December 9, 2022
Endeavour Energy says it is saving millions by developing a fully digitised electricity substation. The first substation to be digitised, South Erskine Park zone substation, is probably the first of its kind in Australia, secondary systems manager Matthew Browne told iTnews. Digitisation of a substation is demanding both on the computers and the network, because…

Endeavour Energy says it is saving millions by developing a fully digitised electricity substation.

The first substation to be digitised, South Erskine Park zone substation, is probably the first of its kind in Australia, secondary systems manager Matthew Browne told iTnews.

Digitisation of a substation is demanding both on the computers and the network, because control systems need to respond to network events in tens of milliseconds.

The substation is the result of a three-year, $3 million internal project under the management of Browne’s colleague, network planning manager Gavin De Hosson.

The payoff, Browne said, came in several savings: the control system is cheaper, and the reduction of system footprint means Endeavour Energy could save money “using much smaller modular buildings”.

The savings are “in the order of about 25 percent per substation project, and the typical substation might be in the vicinity of $20 million or $25 million.”

Digitisation also reduced the time to commission the South Erskine Park project from three or more years down to about 15 months, he said. 

“That … allows us to be more responsive to the needs of developers.

“We can potentially … save money also by delaying when we start the project to be more just-in-time rather than planning five years out,” Browne said.

That avoids the risk that an area’s needs change between design and rollout.

The future grid is also a consideration, he said: “We’re starting to get to the point now where we’ve got feeders with reverse power flows, which we’ve never had before, as a result of things like rooftop solar. The digital substation facilitates these types of unforeseeable future changes to the grid to be measured.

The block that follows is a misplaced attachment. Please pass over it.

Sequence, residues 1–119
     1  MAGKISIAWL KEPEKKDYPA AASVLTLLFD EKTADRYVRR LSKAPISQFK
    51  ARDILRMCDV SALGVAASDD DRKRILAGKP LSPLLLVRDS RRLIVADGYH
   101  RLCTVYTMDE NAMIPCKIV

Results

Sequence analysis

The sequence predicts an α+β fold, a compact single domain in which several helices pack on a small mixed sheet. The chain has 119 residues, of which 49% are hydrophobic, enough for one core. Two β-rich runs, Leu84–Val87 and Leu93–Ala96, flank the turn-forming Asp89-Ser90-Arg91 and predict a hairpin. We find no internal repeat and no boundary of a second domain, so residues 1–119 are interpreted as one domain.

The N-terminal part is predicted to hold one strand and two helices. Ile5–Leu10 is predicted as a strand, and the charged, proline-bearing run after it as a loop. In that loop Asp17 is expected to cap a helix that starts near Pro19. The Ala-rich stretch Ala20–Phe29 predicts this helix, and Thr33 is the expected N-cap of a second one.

“We’re looking at building potentially, I think, about 15 new substations over the next sort of decade or so. We want a state-of-the-art grid for this new supply system out here that’s going to be more adaptable to the changing future grid needs and provide low cost to customers.”

It was a fully in-house R&D project to develop it, Browne added. 

“We didn’t outsource any of the design or anything like that … so we’ve retained that expertise and knowledge in-house for our for our future substations, which wouldn’t be the case if you outsource that.”

Systems

The physical changes enabled by digitising the substation are substantial.

In a conventional substation, thousands of copper signal wires travel from measuring devices like circuit breakers back to a control computer managing the SCADA system.

“There’s a huge burden associated with wiring all that up, testing it, maintaining that and keeping it working,” Browne said, “and obviously, there’s limitations to what that can bring.”

Instead, the digitisation project uses optical fibre to carry signals over a networking protocol similar to Ethernet, but enhanced to meet the deterministic, real-time requirements of the substation (defined by the standard IEC 61850).

Operators, Browne said, have a regulatory obligation to detect faults, or currents that indicate something is wrong, and send a signal to a circuit breaker, within 30 milliseconds.

De Hosson explained that “the focus is where the supervision, the control and data acquisition actually happens.”

“We’ve typically got circuit breakers with current sensors and volt sensors surrounding these pieces of equipment. And they’re connected back to our control system, typically by thousands of wires,” De Hosson said.

“In all of these signals, we have a very high need for very high signal integrity … we’re really looking for zero data loss, very high levels of time synchronisation, [and] we’re often comparing measurements across a substation or comparing measurements across sites.

“The digital substation will replace those thousands of wires and interconnections, which are typically point-to-point connections with basically a ruggedised type of a device which is installed either in the equipment or very close to the primary equipment.”

That “very complex set of copper wiring” is replaced with a “rather simple, easy-to-install fibre network”, he added.

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